Deal reached for civil aviation to try for net-zero emissions by 2050


Civil aviation has agreed to try to reach net-zero emissions by 2050. —AFP/Ishara S. Kodikara
Civil aviation has agreed to try to reach net-zero emissions by 2050. —AFP/Ishara S. Kodikara
  • Air transportation industry has faced growing pressure to deal with its outsized role in climate crisis.
  • Currently responsible for 2.5% to three per cent of global CO2 emissions, the sector’s switch to renewable fuels is proving difficult.
  • The sector hopes in 2022 to see to 83% of its customer levels from three years ago and to become profitable again worldwide next year.

MONTREAL: UN aviation agency members reached an agreement Friday to try to achieve by 2050 net-zero carbon emissions in air travel — often criticised for its outsized role in climate change.

The assembly, which brought together representatives from 193 nations at the International Civil Aviation Organisation’s Montreal headquarters, reached a “historic agreement on a collective long-term aspirational goal (LTAG) of net-zero carbon emissions by 2050!” the UN agency said in a Twitter message.

It added that it “continues to advocate for much more ambition and investment by states to ensure aviation is fully decarbonised by 2050 or earlier.”

“It’s an excellent result,” a diplomatic source told AFP, revealing that only four countries — including China, the main thrust of global growth in air travel — “had expressed reservations.”

The air transportation industry has faced growing pressure to deal with its outsized role in the climate crisis.

Currently responsible for 2.5% to three per cent of global CO2 emissions, the sector’s switch to renewable fuels is proving difficult, even if the aeronautics industry and energy companies are seeking progress.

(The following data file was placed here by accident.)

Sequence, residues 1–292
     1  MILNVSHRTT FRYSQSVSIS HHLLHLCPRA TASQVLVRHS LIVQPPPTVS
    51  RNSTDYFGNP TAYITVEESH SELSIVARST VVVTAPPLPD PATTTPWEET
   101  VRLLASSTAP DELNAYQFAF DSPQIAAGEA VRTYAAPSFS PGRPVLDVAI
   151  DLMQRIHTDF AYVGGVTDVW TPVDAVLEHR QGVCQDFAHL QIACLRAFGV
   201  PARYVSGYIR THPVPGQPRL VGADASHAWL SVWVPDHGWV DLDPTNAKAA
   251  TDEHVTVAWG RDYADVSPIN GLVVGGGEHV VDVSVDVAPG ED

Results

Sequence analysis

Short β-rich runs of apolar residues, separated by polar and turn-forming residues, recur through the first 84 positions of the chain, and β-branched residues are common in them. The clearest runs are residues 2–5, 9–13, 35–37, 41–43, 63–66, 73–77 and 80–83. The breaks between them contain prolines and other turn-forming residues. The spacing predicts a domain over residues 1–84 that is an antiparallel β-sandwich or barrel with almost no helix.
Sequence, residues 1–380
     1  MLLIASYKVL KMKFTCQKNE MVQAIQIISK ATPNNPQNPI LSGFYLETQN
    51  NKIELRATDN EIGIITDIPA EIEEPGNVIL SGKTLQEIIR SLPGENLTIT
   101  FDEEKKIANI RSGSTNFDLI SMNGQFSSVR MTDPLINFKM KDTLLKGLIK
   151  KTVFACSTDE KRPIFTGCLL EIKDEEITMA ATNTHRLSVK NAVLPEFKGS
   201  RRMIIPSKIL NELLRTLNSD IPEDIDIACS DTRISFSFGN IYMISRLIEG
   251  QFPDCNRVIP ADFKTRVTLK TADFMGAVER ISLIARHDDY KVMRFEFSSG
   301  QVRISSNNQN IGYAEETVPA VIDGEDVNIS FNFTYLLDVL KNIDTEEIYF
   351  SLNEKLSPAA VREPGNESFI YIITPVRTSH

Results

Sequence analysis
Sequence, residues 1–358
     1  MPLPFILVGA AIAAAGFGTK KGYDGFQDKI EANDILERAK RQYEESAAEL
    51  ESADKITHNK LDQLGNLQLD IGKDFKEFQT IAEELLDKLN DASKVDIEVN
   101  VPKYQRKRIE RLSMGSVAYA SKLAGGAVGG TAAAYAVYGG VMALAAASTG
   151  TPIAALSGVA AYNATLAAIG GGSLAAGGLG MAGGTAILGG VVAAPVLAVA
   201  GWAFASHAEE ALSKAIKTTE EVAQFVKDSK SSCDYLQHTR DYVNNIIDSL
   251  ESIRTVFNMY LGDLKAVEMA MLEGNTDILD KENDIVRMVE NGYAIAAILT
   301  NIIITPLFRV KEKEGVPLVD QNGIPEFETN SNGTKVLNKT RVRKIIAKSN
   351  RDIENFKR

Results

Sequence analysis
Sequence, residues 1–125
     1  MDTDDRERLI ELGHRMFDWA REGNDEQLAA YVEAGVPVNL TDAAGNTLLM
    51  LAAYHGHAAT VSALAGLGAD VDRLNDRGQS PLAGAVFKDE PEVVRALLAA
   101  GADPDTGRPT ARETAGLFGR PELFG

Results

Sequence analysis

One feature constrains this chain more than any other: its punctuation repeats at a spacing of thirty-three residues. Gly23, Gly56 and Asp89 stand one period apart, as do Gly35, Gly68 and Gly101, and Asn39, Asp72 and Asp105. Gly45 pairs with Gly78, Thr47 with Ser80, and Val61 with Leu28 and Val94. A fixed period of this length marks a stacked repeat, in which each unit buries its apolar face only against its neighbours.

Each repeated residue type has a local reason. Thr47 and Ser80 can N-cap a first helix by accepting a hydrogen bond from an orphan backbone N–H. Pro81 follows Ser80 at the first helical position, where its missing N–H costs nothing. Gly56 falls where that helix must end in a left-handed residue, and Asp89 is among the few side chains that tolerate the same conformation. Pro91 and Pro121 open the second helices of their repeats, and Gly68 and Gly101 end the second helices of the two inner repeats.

The International Air Transport Association (IATA) said airlines were “strongly encouraged” by the adoption of the climate goal, coming one year after the organisation endorsed the same position at its own general meeting.

IATA director general Willie Walsh said now “we expect much stronger policy initiatives in key areas of de-carbonisation such as incentivising the production capacity of sustainable aviation fuels.”

According to airlines, it will require investments of $1.5 billion between 2021 and 2050 to decarbonise aviation.

“The global aviation community welcomes this landmark agreement,” said Luis Felipe de Oliveira, the head of Airports Council International, which represents 1,950 airports in 185 countries.

“This is a watershed moment in the effort to decarbonise the aviation sector with both governments and industry now heading in the same direction, with a common policy framework,” he said in a statement.

Deal is non-binding

The agreement, however, was far from satisfying for some non-governmental groups expressing regret it didn’t go far enough and was not legally binding.

Planes attract particularly sharp criticism because only about 11% of the world’s population fly each year, according to a widely quoted 2018 study by Nordic researchers.

In addition, 50% of airline emissions come from the one per cent of travellers who fly the most, it found.

“This is not aviation’s Paris Agreement moment. Let’s not pretend that a non-binding goal will get aviation down to zero,” said Jo Dardenne of NGO Transport & Environment.

She also expressed disappointment over tweaks considered by delegates to the sector’s carbon offsetting and reduction scheme, known as CORSIA.

During the 10-day meeting, Russia had also sought but failed to get enough votes to be re-elected to the UN organisation’s governing council, which is responsible for ensuring compliance with aviation rules.

Russia was accused of breaking international rules by registering hundreds of leased planes at home rather than returning them, as required by sanctions imposed after its invasion of Ukraine in February.

The ICAO general meeting was the first since the start of the pandemic, which had brought the airline industry to its knees: in 2021 the number of airline passengers was only half the 4.5 billion in 2019, marking a small rebound from the 60% year-over-year drop in 2020.

The sector hopes in 2022 to see to 83% of its customer levels from three years ago and to become profitable again worldwide next year.



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